Fantasy League Competition is Underway

The Fantasy League’s second season has opened with the Affirmed seizing the early lead.  Foley and Lardner led the way with 10 points (brief, oral argument, and favorable decision in Regency West Apartments v. City of Racine), while Aiken & Scoptur contributed 8 (brief and favorable decision in Seifert v. Balink).  With these 18 points, the Affirmed are nearly half way already to their total of 37 for the entire 2015-16 season.

The Citations, Writs, and Waivers were all idle, but the defending champion Gavels of the State Public Defender’s Office tallied 5 points (brief, oral argument, unfavorable decision) in State v. Weber.

Current standings

Justice Abrahamson and Bill Tyroler on Amicus Briefs

Tuesday’s post on amicus briefs noted, among other things, the steady decline in the number of these briefs filed with the Wisconsin Supreme Court over the past several years—in contrast to the growing number at the United States Supreme Court.  A reader has kindly directed my attention to Justice Abrahamson’s concurrence in State v. Loomis, which gives voice to her frustration over the court’s handling of motions for permission to file amicus briefs.

One aspect of Justice Abrahamson’s complaint is an assertion that the court’s orders granting or denying such motions have been opaque and inconsistent.  These “orders generally do not explain the court’s decision,” she observed.  “[T]hey do not guide lawyers and other interested persons in filing amicus briefs in future cases; and they do not provide the benefit of reasoned decisions so that the court can be thoughtful and consistent in its approach to amicus briefs.”[Continue Reading…]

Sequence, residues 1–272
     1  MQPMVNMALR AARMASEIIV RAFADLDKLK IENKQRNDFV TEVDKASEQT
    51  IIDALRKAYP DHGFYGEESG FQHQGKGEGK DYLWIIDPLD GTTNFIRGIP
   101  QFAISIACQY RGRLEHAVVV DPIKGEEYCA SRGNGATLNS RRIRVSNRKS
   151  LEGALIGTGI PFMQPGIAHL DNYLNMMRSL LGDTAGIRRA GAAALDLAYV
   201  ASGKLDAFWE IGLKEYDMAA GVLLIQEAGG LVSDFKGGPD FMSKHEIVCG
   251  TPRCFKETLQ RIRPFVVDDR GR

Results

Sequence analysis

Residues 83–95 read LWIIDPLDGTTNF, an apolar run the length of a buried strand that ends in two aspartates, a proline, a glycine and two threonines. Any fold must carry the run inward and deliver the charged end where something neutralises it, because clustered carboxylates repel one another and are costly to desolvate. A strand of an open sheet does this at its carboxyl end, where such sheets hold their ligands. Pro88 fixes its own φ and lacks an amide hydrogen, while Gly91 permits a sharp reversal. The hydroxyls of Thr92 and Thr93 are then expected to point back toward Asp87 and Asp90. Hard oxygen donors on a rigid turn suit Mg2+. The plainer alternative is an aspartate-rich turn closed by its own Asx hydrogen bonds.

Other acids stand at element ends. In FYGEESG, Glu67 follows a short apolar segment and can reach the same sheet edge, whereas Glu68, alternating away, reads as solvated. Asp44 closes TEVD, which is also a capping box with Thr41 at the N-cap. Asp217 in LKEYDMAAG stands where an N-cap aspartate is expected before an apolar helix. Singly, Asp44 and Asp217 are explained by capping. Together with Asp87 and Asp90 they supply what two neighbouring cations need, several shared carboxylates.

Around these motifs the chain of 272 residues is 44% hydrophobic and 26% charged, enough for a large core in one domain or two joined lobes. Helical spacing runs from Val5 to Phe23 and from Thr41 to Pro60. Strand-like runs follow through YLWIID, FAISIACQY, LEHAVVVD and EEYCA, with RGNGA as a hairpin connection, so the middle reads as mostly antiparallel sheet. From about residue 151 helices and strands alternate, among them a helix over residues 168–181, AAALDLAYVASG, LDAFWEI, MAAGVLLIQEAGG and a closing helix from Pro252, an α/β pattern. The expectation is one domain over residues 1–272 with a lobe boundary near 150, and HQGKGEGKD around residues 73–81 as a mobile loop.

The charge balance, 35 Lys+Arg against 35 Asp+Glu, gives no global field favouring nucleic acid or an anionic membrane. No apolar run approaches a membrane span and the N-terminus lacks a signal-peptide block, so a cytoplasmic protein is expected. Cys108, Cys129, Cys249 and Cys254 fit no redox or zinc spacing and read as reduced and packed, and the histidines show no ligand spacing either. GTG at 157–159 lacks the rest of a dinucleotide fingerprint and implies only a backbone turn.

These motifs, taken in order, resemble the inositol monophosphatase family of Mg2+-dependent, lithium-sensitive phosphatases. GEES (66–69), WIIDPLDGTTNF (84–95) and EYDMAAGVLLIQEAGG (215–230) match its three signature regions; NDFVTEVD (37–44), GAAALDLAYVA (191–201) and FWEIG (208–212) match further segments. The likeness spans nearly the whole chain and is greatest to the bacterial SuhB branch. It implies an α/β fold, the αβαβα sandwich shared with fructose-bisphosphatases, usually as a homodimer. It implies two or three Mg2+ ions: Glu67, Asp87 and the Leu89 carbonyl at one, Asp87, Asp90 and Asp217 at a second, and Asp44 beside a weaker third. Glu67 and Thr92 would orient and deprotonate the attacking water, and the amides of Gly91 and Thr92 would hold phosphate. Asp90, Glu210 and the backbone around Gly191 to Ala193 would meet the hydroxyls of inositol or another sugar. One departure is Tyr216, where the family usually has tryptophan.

An Age of Amicus Briefs?

“The amicus growth spurt is significant and shows no sign of slowing down,” observed two professors at William & Mary Law School in a post titled “The Amicus Machine.”  Writing about the United States Supreme Court, they furnished compelling … [Continue reading]

Fantasy League Announces New Season

Expanded teams have been formed in anticipation of the law-firm Fantasy League’s second season (for details on the league and its new teams, click here).   Periodic scoring updates will be posted beginning early in 2017.  … [Continue reading]

And Massachusetts

During SCOWstats’s recent series of posts on the number of decisions filed by the supreme courts of Wisconsin and neighboring states, Victor Forberger kindly brought to my attention some interesting figures regarding the output of the Massachusetts … [Continue reading]

Comparing the Supreme Courts of Wisconsin and its Four Neighbors

Our efforts to weigh the supreme court in Wisconsin against those in Minnesota and Iowa have found that the record compiled of late by the justices in Madison diverges from the performance of their colleagues in Minnesota and Iowa with regard to (1) … [Continue reading]

Comparing the Wisconsin, Minnesota, and Iowa Supreme Courts–Part 2

Last June, an examination of two measures of polarization among the justices of the Wisconsin and Minnesota Supreme Courts found significant differences between the two states but left open the question of which state’s figures were more “normal.” … [Continue reading]

Comparing the Wisconsin, Minnesota, and Iowa Supreme Courts–Part 1

Two posts this June compared the performances of the Wisconsin and Minnesota Supreme Courts and found significant differences.  As substantial as the contrasts were, however, the comparison of only two states made it impossible to conclude that one … [Continue reading]

1990-91 and 2015-16: Some Contrasts

Much has changed at the Wisconsin Supreme Court over the past 25 years, including all but one of the justices.[1]  A pair of recent posts provided data regarding the supreme court’s activity at each end of this quarter century—1990-91 and … [Continue reading]

Wisconsin Supreme Court Statistics, 1990-1991

These tables are derived from information contained in 83 Wisconsin Supreme Court decisions that were turned up in a Lexis search for decisions filed between September 1, 1990, and August 31, 1991.  The total of 83 decisions does not include rulings … [Continue reading]